Surround, Cone & Dust Cap
Looking inward from the tab ears, you'll find a thick rubber surround that attaches to a mica-filled polypropylene cone. Nothing too important to note here apart from the fact that the rubber seems noticeably thick and durable compared to many other subwoofers I've tested and seen.
I think the most important aspect here to call out though is the aluminum dust cap design. The oversized dust cap at the center of the cone is actually an integrated heatsink. It's designed to help draw heat from the inner voice coil through a series of vents that are built into the inner cone behind the dust cap. Essentially, as the cone moves up and down it draws air into the subwoofer, through the backside of the dust cap and then out again.
Obviously heat is a big component for subwoofers, so I thought it was a clever design to leverage the design of the dust cap as an added heat sink to help disperse heat without adding components that would ultimately increase the overall depth of the woofer.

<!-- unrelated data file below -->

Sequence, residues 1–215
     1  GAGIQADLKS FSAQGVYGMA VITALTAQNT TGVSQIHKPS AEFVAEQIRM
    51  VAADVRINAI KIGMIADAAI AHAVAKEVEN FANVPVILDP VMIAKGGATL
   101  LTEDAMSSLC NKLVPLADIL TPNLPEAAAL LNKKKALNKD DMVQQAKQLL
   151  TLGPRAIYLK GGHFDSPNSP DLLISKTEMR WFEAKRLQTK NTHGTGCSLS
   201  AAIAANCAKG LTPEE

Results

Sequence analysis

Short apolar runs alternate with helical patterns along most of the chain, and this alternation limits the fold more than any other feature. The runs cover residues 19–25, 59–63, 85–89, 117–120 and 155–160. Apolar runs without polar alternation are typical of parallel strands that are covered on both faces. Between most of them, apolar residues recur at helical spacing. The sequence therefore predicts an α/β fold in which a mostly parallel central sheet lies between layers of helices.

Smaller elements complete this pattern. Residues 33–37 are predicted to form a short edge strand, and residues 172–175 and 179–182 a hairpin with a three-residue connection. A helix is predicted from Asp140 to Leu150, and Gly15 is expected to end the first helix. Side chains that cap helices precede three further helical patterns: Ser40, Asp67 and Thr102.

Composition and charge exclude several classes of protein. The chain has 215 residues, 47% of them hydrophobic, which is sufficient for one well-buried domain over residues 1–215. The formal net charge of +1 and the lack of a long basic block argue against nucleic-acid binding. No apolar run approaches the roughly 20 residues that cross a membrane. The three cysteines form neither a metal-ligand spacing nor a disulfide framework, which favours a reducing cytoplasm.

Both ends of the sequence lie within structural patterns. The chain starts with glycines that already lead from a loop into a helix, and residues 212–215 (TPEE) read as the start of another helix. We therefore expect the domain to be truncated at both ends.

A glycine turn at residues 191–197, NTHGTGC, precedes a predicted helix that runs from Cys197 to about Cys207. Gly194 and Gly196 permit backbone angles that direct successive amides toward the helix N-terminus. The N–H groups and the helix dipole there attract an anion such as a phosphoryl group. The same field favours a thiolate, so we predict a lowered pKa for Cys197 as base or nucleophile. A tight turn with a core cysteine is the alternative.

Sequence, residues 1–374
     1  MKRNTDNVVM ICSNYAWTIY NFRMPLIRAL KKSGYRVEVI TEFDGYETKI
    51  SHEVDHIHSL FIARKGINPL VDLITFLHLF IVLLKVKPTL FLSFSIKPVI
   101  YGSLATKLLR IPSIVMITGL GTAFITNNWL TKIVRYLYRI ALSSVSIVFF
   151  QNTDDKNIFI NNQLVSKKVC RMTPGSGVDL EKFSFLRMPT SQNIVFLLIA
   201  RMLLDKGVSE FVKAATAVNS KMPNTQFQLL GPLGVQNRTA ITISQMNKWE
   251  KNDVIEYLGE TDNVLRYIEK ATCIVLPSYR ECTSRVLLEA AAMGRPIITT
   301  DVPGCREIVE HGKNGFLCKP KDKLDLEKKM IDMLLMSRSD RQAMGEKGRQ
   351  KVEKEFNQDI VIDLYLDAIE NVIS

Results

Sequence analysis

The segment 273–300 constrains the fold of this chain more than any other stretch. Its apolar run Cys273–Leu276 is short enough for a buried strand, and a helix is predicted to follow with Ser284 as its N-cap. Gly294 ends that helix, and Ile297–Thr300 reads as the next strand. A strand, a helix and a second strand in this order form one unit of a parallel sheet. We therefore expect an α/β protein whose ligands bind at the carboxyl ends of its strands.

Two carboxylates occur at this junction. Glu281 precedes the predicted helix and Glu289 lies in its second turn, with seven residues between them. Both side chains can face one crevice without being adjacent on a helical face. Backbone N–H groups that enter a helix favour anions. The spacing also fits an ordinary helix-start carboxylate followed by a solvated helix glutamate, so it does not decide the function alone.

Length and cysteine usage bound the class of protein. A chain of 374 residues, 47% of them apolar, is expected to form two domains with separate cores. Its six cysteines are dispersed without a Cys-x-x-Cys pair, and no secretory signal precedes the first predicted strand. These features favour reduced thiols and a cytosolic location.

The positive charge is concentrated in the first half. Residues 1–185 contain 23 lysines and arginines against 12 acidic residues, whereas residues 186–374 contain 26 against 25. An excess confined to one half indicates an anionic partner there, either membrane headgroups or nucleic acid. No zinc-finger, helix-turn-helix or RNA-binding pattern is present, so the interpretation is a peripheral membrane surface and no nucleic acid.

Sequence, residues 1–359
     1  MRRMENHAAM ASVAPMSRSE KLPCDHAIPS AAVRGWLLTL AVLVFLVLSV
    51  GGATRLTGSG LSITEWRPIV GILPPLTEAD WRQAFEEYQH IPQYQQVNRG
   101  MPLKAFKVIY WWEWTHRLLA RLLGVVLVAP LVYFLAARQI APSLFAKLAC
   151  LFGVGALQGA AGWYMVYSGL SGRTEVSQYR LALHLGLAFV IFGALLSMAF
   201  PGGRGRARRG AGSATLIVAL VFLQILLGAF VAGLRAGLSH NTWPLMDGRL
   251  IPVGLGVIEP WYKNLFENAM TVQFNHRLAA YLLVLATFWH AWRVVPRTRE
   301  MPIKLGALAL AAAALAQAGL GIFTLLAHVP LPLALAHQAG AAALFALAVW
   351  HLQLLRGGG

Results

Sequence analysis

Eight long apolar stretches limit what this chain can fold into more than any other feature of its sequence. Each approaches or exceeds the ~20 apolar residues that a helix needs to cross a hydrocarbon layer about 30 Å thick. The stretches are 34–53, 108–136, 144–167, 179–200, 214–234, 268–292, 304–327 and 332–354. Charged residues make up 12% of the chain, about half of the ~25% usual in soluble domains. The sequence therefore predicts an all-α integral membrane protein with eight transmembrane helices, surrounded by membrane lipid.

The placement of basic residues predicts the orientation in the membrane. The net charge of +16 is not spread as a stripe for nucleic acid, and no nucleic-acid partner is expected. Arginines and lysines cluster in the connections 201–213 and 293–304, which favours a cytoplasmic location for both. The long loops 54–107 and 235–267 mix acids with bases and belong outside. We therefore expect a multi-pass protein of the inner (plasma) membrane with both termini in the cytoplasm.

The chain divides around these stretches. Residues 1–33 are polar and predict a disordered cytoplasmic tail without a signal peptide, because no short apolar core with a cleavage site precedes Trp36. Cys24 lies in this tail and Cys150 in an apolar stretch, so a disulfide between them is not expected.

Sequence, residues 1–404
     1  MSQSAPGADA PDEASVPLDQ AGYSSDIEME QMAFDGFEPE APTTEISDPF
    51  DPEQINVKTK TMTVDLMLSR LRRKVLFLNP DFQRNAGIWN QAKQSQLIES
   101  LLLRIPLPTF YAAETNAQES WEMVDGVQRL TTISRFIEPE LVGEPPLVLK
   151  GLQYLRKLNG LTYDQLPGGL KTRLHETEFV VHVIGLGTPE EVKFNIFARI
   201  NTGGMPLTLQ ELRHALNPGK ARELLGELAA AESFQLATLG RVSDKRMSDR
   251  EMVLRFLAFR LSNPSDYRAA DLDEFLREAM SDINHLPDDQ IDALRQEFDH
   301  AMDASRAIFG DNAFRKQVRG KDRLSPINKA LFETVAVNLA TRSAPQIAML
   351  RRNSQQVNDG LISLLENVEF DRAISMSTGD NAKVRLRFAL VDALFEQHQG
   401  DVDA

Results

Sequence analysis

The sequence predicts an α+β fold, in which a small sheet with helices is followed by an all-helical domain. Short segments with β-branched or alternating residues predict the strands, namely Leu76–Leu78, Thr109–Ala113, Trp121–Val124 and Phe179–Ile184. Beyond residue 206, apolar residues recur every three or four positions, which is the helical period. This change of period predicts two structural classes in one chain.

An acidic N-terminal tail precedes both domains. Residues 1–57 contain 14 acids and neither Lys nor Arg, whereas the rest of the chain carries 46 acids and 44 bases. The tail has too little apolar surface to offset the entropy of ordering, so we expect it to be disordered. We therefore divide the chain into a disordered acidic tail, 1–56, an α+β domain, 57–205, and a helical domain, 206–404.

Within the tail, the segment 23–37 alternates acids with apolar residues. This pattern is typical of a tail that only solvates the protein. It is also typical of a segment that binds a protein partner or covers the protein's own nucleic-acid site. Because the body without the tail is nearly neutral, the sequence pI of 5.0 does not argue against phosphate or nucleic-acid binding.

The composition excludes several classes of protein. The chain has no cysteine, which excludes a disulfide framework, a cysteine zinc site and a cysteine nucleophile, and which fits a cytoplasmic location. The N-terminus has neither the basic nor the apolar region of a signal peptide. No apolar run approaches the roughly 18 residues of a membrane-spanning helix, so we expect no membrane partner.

Concentric Tube Design
When you turn the subwoofer over to it's side, you can really get a sense of how shallow it is. It's so thin, (3.5″ mounting depth) that even the width of my fist is wider than it is deep. In general, you can use your fist as a good gauge to whether or not these subwoofers will fit in a tight space.
The way that JL is able make this subwoofer so shallow is through a design that they call ‘Concentric Tube Suspension Technology'. This is really the heart of the TW3 design. It essentially enables the spider of the subwoofer to be much lower and closer to the surround that's on the top of the sub. When you look into the internals of the subwoofer from behind, you can actually see that the spider is along the outer rim of the sub, on the outer side of the dust cap.